Now that’s not something I’ve said before, and I may never say it again. But the fact that I agree makes me wonder whether they’ve really thought through the implications of what they’re saying.
The practice used by holiday companies of charging significantly more during the school holidays than they charge during term time does indeed make it difficult for many parents, and leads directly to the sort of case we’ve seen recently where parents find themselves before the courts for failing to send their children to school. The practice is, however, based on what economists call the law of supply and demand. When demand is high, prices rise, and when it’s lower, they fall. And what the Daily Mail is calling for is, effectively, government regulation to force the companies concerned to ignore that law of supply and demand.
As it happens, that’s precisely why I agree with them. Markets are a human construct; all markets work within sets of rules and the question is really about who should set the rules and in whose interests they should be set. I’ve always been in favour of the idea that governments should act in the wider social interest by setting rules and constraints on how markets should operate. Supporters of entirely ‘free’ markets believe, on the other hand, that markets are there to enable individuals to pursue their own selfish interests with no outside intervention; some will win and some will lose. There’s a significant ideological divide there.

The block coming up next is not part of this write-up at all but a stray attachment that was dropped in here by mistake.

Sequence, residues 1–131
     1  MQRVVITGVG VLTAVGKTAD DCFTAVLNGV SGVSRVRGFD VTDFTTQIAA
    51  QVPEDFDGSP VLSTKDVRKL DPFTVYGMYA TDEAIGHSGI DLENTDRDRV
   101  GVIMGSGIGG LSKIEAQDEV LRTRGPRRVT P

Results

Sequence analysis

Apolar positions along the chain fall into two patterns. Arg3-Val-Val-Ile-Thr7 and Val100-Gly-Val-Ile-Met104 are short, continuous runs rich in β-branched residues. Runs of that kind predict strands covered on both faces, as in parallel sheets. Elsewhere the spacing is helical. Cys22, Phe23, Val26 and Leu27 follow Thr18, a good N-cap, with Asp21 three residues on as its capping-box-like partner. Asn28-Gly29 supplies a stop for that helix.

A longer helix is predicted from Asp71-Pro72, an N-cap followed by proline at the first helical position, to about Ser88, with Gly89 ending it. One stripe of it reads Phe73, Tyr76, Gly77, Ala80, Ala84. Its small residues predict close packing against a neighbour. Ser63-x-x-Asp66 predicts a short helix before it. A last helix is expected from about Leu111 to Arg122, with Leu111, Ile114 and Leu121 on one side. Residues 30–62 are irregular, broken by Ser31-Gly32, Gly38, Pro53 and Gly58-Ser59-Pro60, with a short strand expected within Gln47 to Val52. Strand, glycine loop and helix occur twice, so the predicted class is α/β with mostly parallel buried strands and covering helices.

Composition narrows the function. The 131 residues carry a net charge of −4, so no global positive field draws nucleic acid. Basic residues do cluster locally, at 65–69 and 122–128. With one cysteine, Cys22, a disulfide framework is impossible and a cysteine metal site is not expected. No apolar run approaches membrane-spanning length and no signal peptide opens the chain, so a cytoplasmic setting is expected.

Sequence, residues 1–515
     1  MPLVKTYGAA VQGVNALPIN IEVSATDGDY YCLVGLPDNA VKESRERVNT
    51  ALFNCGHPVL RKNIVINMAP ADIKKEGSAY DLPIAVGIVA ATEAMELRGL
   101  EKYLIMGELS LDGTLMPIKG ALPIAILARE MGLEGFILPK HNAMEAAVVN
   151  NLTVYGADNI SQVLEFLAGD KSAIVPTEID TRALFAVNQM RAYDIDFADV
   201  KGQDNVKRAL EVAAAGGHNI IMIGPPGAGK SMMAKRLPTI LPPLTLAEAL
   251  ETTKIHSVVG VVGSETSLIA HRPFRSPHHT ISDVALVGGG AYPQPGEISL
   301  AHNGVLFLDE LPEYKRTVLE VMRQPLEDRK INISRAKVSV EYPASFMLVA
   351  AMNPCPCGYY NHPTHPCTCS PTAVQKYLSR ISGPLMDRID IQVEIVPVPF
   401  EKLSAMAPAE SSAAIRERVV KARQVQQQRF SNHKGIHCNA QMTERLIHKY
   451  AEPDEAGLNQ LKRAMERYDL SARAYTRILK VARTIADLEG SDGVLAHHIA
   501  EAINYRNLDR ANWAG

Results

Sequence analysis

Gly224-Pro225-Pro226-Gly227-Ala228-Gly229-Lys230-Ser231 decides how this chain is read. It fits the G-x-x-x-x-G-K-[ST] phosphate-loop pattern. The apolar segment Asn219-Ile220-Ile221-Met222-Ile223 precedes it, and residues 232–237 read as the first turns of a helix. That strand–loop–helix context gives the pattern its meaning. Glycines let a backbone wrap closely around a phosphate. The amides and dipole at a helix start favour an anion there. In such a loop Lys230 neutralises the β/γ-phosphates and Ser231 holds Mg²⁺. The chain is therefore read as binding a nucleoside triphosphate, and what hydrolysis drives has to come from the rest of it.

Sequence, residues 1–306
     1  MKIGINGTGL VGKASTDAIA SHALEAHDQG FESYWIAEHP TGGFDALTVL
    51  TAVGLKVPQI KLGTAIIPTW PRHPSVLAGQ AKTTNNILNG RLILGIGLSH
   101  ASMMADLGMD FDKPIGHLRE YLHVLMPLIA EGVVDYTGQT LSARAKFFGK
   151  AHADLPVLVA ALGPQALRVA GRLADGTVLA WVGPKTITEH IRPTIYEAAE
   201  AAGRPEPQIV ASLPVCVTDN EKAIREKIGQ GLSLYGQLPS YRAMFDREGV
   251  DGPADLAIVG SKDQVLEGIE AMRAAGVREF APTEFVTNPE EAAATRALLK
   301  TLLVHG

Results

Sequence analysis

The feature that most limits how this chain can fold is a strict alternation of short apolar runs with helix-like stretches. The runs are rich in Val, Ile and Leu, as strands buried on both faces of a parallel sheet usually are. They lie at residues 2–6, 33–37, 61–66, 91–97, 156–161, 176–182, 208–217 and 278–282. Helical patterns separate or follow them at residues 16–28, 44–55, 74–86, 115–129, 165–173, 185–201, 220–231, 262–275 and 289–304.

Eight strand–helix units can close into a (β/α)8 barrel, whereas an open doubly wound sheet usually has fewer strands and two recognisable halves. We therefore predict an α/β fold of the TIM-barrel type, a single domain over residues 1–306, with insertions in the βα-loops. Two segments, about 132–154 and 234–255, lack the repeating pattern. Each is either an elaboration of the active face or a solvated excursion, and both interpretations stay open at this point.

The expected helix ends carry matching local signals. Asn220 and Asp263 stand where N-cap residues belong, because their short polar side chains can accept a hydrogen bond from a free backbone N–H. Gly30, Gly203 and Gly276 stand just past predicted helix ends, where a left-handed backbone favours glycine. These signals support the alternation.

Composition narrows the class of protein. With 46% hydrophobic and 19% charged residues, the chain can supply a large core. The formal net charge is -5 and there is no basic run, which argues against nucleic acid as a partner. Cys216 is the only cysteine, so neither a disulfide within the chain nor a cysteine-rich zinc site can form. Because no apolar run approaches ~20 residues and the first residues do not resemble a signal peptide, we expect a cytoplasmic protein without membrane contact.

One of the consistent themes of papers such as the Daily Mail during the Brexit campaign was that we should abolish all that horrid EU regulation which was constraining businesses from making profits by doing what they thought was most in their own interest. That is in direct conflict with the position which they’re taking today. So, has the Daily Mail switched ideologies overnight? No, of course not; they’re just taking a populist position on the basis that it will help them sell newspapers.It neatly underlines one of the problems with populism. Combining a series of policies which are individually popular can never create a coherent or consistent whole; quite the reverse. For that, we have to start from principles or ideology. On that, the gulf between me and the Daily Mail is as large as it ever was.